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Lavender Drawer Liner

Lavender sachets offer a wonderful way to infuse your clothes with a sweet scent. You can also create an aromatic liner for your whole drawer with a washable fabric and Velcro. Experiment with other naturally fragrant substances such as cedar, which is muskier than lavender and has the added benefit of discouraging insects.




  • Measuring tape
  • Scissors
  • Fabric, such as prewashed linen
  • Straight pins
  • Chalk
  • 1/2-inch-wide Velcro
  • About 12 ounces dried lavender
  • Measuring cup
  • Funnel


  1. Step 1

    Measure the length and width of the inside of the drawer, and add 1/2 inch to each dimension for seam allowances.

  2. Step 2

    Cut two pieces of fabric to these measurements, and pin them together, wrong sides facing. Using chalk, divide the length of the pinned fabric into thirds. For adding and removing dried lavender, mark three 4-inch openings on one of the fabric's long sides, centered within each section.

  3. Step 3

    Stitch the two pieces of fabric all the way around, stopping at the three openings. Clip the corners. With an iron, press open the seam allowance on the side with the openings.

  4. Step 4

    Cut three 4-inch lengths of Velcro. Pin Velcro to the inside of the seam allowance at the openings to make sure the Velcro lines up with the pressed edge. Sew Velcro to seam allowance.

  5. Step 5

    Turn the liner right side out through one of the openings, and press.

  6. Step 6

    To divide the liner into thirds, topstitch two rows. Fill each pocket with about 4 ounces dried lavender.



Reviews (40)

  • garciafamily10431 11 Jun, 2009

    It will be wonderful if you add step by step picutres to your projects because people like me sometimes get confuse to writing instrucions.sorry.
    thank you

  • Dulcist 7 Jun, 2009

    Could one use Rosemary also? I have a large plant in my garden that smells wonderful... Just a thought...

  • cookiesgalore 8 Sep, 2008

    You can re-energize dried lavender by putting in 10-20 drops
    of essential lavender oil (real lavender oil). It lasts pretty long.
    Also, as they state above:
    "cedar, which is muskier than lavender and has the
    added benefit of discouraging insects."

    Well...lavender is ALSO a BIG discourager of insects! Bugs hate the scent (especially wool eating moths).

  • Jo-AnnP 22 Apr, 2008

    Why didn't I think of this? I purchased 2 lavender organza pillow liners about 3yrs ago, when they stopped smelling fresh I didn't know what to do with them, I loved them and didn't want to throw them away. So grateful that I did not throw them away because they are now filled with "new" lavender, from my own garden. Thank you for that tip. I am again sleeping on lavender..

  • CraftTestDummies 20 Apr, 2008

    Great idea using the tea towels! I have some hand-embroidered pillow cases, and I think I'll use those. I'm going to add a cup of lavender and then baste it closed with my machine. Then I'll flatten it out, and add some long basting stiches to "quilt" the lavender in. Thanks for the great ideas! Jenny at

  • HolJen 16 Apr, 2008

    This message is for word for you: LUCKY.........boy that festival sounds great.I bet the aroma is truly amazing!

  • lavendercraft 15 Apr, 2008

    For years now, I've been using a combination of dried English lavender, whole cloves,black peppercorns and cinnamon sticks as insect repellent in my linen closet and drawers and it works a treat. Dried lavender is very useful: I stuff old socks with it and put it in all of my shoes that I don't use;I filled an old tin box half full with it and put my stash of birthday cards, wrapped in tissue paper; I have little organza bags filled with it in the soft toy box, etc.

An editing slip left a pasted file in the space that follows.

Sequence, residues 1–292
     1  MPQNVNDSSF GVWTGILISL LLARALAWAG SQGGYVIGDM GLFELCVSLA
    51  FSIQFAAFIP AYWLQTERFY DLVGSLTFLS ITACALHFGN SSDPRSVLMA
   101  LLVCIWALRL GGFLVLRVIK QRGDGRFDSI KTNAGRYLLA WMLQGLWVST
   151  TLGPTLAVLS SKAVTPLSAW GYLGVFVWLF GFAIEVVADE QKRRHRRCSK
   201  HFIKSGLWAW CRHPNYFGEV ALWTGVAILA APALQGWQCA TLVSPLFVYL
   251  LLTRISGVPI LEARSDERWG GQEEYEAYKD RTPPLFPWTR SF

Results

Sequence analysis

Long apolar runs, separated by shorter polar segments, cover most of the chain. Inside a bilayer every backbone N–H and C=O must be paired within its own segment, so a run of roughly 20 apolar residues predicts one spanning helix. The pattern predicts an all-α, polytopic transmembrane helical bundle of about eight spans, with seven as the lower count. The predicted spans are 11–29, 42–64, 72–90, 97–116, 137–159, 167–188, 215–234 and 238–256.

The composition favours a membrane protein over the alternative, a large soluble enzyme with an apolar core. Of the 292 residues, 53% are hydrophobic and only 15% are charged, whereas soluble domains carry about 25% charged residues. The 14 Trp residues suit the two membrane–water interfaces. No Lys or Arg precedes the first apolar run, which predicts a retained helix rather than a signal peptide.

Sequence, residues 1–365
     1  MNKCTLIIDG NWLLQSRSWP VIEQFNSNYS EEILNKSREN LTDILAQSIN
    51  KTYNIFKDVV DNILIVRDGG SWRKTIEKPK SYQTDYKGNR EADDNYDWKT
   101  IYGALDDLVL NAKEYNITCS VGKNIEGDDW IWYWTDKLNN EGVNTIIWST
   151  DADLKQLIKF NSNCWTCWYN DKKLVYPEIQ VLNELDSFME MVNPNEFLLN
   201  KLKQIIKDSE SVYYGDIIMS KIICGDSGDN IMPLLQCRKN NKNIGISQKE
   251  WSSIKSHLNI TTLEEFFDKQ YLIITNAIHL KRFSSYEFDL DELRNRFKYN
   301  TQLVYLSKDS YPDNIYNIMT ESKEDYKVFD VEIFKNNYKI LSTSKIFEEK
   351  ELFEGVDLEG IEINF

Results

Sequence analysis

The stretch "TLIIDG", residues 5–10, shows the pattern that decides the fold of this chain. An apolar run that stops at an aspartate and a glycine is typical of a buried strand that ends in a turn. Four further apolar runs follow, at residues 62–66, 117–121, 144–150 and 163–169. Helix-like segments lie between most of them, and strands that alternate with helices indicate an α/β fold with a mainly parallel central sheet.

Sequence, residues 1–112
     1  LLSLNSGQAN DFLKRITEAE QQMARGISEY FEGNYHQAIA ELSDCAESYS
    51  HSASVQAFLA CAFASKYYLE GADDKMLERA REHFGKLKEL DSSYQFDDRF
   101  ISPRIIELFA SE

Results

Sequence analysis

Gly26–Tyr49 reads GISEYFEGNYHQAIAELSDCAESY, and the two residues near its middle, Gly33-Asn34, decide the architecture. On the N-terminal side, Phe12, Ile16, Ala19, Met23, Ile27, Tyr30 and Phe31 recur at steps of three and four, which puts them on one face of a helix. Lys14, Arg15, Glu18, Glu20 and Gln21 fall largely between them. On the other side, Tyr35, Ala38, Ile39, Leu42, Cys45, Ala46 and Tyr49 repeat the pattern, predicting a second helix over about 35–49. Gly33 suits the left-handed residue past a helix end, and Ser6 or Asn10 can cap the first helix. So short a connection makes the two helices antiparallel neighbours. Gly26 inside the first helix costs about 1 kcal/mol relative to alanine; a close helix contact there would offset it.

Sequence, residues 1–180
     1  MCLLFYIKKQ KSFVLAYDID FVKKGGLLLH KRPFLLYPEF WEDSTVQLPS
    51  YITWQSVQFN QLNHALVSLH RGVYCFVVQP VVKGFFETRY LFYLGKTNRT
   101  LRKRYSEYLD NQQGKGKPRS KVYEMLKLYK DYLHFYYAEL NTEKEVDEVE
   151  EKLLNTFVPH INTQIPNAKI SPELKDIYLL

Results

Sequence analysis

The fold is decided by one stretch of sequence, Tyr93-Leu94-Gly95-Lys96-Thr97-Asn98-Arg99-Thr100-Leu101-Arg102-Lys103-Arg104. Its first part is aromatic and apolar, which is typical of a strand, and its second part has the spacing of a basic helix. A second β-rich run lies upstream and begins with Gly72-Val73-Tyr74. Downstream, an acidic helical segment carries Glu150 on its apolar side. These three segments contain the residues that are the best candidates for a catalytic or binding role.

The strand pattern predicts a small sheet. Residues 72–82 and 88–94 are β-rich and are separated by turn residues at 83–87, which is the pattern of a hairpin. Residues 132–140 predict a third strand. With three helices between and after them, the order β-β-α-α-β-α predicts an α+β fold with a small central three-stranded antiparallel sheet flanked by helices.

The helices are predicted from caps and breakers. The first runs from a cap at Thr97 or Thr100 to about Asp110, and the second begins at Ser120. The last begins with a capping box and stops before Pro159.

• bethstitches 14 Apr, 2008

    Try two layers of wrapping paper. Reg gift paper with a 2nd layer of tissue. Apply glue around the edges-bottom layer. Sprinkle a good amount of lavender in unglued center area. Apply the layer of tissue paper pressing at edges to seal in the lavender. Allow glued to dry. Some prefer no sew glue. You can still use pretty fabrics with raw edges and glue gun it! Fray is lacy. A bright color bottom

  • CattzMeow 13 Apr, 2008

    There are so many things that you can do with lavender. I live in Sequim, WA, which is considered the Lavender Capital of North America, is similar to the Provence region of France. In July of every year we hold a "Lavender Festival". It is a great time and place to cut your own lavender and learn many new culinary and craft techniques. This Lavender drawer liner will be perfect for the festival!!!!

  • BonRose 13 Apr, 2008

    It is in the WA state area on an island that grows their own Lavender. My sister visits (she lives in Seattle) once a year. She says that it is a bit pricey, but well worth it. So is the visit if you are in the area.

  • LouLou2007 13 Apr, 2008

    For more info about Herbs just email me at

  • LouLou2007 13 Apr, 2008

    (continued) and Dill.Chemicals destroy Herbs.Even the ones that are homemade, so 2 speak can cause stains 2 be left.

  • LouLou2007 13 Apr, 2008

    MomLinda,N purchasing Lavender,B aware of how the Lavender was grown. B sure the Lavender is CHEMICAL FREE or when U need 2 replace or take the Lavender U-R using out 2 replace it you'll find it will stain whatever U-R using it 4.I've grown Herbs 4 years.Lavender is our major Herb we grow along with Basil

  • foodienancyb 13 Apr, 2008

    Dry your own lavender flowers or herb leaves such as mint or pennyroyal in small bunches held together with a rubber band slipped over a pegs or hooks. Pennyroyal will also deter insects.

  • mji2007 13 Apr, 2008